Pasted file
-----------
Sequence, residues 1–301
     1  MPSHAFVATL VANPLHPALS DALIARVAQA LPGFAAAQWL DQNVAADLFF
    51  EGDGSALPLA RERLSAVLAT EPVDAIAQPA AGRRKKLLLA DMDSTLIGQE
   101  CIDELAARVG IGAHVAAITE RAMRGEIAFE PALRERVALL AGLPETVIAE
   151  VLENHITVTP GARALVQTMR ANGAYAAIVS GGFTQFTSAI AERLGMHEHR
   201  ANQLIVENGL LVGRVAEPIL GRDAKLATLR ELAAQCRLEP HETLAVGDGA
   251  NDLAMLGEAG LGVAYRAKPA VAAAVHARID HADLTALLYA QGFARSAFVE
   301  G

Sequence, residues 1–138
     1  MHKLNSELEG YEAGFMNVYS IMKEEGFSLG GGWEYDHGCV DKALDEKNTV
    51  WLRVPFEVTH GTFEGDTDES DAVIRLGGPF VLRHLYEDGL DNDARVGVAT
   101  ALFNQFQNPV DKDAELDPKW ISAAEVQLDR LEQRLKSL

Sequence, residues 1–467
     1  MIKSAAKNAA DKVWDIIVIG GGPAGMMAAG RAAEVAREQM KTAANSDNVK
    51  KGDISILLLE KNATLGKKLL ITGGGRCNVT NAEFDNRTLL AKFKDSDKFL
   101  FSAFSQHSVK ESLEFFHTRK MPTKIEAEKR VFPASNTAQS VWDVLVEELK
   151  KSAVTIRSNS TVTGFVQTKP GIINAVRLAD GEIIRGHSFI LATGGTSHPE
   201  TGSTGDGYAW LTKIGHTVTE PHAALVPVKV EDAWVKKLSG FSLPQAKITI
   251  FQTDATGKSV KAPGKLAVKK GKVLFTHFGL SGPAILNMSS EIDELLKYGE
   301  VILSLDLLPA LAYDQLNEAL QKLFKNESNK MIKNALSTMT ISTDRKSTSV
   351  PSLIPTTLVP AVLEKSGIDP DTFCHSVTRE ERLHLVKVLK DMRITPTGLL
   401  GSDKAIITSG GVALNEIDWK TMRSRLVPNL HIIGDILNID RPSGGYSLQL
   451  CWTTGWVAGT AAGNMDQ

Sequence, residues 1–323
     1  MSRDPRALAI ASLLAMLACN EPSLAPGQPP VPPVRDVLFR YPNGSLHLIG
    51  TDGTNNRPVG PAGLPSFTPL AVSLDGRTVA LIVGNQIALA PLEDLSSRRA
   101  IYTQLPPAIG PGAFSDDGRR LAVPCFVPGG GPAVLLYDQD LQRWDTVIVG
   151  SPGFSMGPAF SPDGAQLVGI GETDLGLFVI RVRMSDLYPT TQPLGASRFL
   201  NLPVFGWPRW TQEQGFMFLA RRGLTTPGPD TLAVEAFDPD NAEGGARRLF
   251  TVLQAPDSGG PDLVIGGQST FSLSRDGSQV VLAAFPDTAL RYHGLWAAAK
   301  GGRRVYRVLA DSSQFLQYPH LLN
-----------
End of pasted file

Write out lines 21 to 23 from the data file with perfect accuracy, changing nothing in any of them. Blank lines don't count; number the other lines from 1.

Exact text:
   351  PSLIPTTLVP AVLEKSGIDP DTFCHSVTRE ERLHLVKVLK DMRITPTGLL
   401  GSDKAIITSG GVALNEIDWK TMRSRLVPNL HIIGDILNID RPSGGYSLQL
   451  CWTTGWVAGT AAGNMDQ